Understanding Electricity

Electricity usage will increase in the future as we move from fossil fuels to clean energy. Examples of this transition are electric cars, solar panels, wind turbines, etc. The information below will help you understand the various terms and concepts of electricity.

What is Electricity?

Electricity is the flow of electrons. To understand electrons, we need to investigate atoms. An atom has a center, called a nucleus. The nucleus contains positively charged particles called protons and uncharged particles called neutrons. The nucleus of an atom is surrounded by negatively charged particles called electrons.

So, electrons are negatively charged and protons are positively charged. Therefore, the number of electrons in an atom is normally equal to the number of protons. However, when this balance is upset, an atom may gain or lose an electron. This free movement of these lost electrons constitutes an electric current.


What is an Electric Conductor/Insulator?

A conductor is a material that allows electrons to flow freely through it, making it useful for carrying an electric current. An insulator is a material that resists the flow of electrons, so it does not allow electric current to pass through it.


What is an Electric Circuit?

An electric circuit is a wire through which an electric current flows (conductor). We often think of an electric circuit as copper wire but the wire can be made from various metals. The coating on the copper wire does not let the electric current escape (insulator).


What is an Electric Current?

Current is the flow of an electric charge. Ampere is the measurement of the rate that current flows through a circuit (the number of electrons moving through the circuit per unit time — usually a second). Amperage is measured in units called amps.

Inside your breaker box, where your electric meter is located, there are circuits that are 15-amp, 20-amp, and 30-amp. The larger the amperage, the more electricity can flow through the circuit. While most household circuits are 15 or 20, large appliances like air conditioners and clothes dryers are 30-amp circuits.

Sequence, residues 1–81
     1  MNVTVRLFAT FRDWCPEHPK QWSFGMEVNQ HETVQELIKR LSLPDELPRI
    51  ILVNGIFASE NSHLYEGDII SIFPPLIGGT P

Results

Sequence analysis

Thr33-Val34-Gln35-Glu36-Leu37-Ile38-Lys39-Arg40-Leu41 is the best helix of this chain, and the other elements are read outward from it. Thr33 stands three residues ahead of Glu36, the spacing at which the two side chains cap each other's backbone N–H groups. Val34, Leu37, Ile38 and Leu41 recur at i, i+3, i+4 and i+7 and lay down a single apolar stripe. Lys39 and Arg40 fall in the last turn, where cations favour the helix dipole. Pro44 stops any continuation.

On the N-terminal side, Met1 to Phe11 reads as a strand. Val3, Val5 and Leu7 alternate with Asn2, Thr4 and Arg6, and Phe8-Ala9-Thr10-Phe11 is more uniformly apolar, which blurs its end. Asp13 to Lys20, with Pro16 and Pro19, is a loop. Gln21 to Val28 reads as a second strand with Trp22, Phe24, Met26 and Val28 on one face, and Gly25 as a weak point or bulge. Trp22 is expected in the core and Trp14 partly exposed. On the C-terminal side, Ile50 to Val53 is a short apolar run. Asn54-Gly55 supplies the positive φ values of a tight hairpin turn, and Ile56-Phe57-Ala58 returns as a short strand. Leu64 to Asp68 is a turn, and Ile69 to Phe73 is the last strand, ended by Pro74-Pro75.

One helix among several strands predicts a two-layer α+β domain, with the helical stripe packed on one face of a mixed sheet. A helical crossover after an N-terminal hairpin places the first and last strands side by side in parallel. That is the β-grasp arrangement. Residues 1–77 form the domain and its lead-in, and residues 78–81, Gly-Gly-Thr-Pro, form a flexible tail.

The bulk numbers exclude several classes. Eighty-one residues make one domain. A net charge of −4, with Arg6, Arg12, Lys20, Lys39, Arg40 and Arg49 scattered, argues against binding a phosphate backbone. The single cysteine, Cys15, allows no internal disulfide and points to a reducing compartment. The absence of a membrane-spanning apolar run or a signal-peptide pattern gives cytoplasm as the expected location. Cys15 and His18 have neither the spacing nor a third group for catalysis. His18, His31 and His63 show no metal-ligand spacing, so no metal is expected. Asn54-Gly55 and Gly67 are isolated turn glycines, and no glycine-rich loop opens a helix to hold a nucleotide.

What is Voltage?

Voltage is the “push” or “pressure” that drives an electric current across a given area per unit time. Power from an electrical grid is delivered to homes at two different voltages – 120 volts and 240 volts — because different home appliances operate at different voltages. Large, energy-hungry appliances like air conditioning units, electric ranges and clothes dryers operate at 240 volts, while most other devices like light bulbs, televisions and computers only need 120 volts.


What is Electrical Power?

Electrical power is the amount of electric energy an electric device consumes. Watt is a measure of electric power an electric device consumes per unit time. For The device may be a light bulb, a refrigerator, an air conditioner, etc. To calculate the number of watts, multiply voltage (push) times amperage (rate of flow of charge). The faster the electrons move through the circuit (current) and/or the greater the “push” or “pressure” (volts), the larger the number of watts produced.


What is Electric Resistance

Circuits are made up of wires. However, they are not perfect conductors (electricity doesn’t move through the circuit effortlessly). There is resistance that slows down the flow of electricity as it moves through the circuit. This resistance or friction is called Ohms.


An analogy is water moving through a garden hose. The pressure pushing the water through the hose is Volts. The speed of the water moving through the hose is Amperes. The resistance of the water moving through the hose is Ohms.


A kilowatt-hour (kWh)

A kilowatt represents 1,000 watts. A kilowatt-hour is equal to the energy of 1,000 watts working for one hour. Kilowatt-hours are determined by multiplying the number of kW’s required by the number of hours of use. For example, if you use a 100-watt light bulb for 15 hours a day, you have used 1,500 watts of power, or 1.5 kilowatt-hours of electrical energy.


What is Direct Current (DC)?

Direct current is the flow of an electric charge through a circuit that does not change direction. An example is a car battery. There is a direct flow of electricity from the battery that powers the starter (to start the car).

What is Alternating Current (AC)?

Alternating current is the flow of electrical charge through a circuit that periodically reverses. An example is the alternating flow of electricity from the grid that powers your home appliances.


What is an Electric Power Grid?

An electrical grid is a power generation, transmission and distribution network for the delivery of electricity from producers to consumers. It consists of power stations that generate electricity, electrical substations that decrease or increase voltage, and transmission lines that carry electricity long distances.


What is an Inverter?

An inverter is an electronic device that changes direct current (DC) to alternating current (AC). An inverter is used to change the direct current coming from solar panels to alternative current for use in the household.


What is a Transformer?

When electricity is generated, it travels along cables and wires to a transformer. The transformer changes electricity from high voltage to low voltage, or low voltage to high voltage.

Electricity can be moved long distances more efficiently using high voltage. High voltage transmission lines are used to carry electricity to a substation. A substation has a transformer that changes the high voltage electricity to low voltage electricity. From the substation, distribution lines carry the low voltage electricity to homes, offices, businesses, etc.

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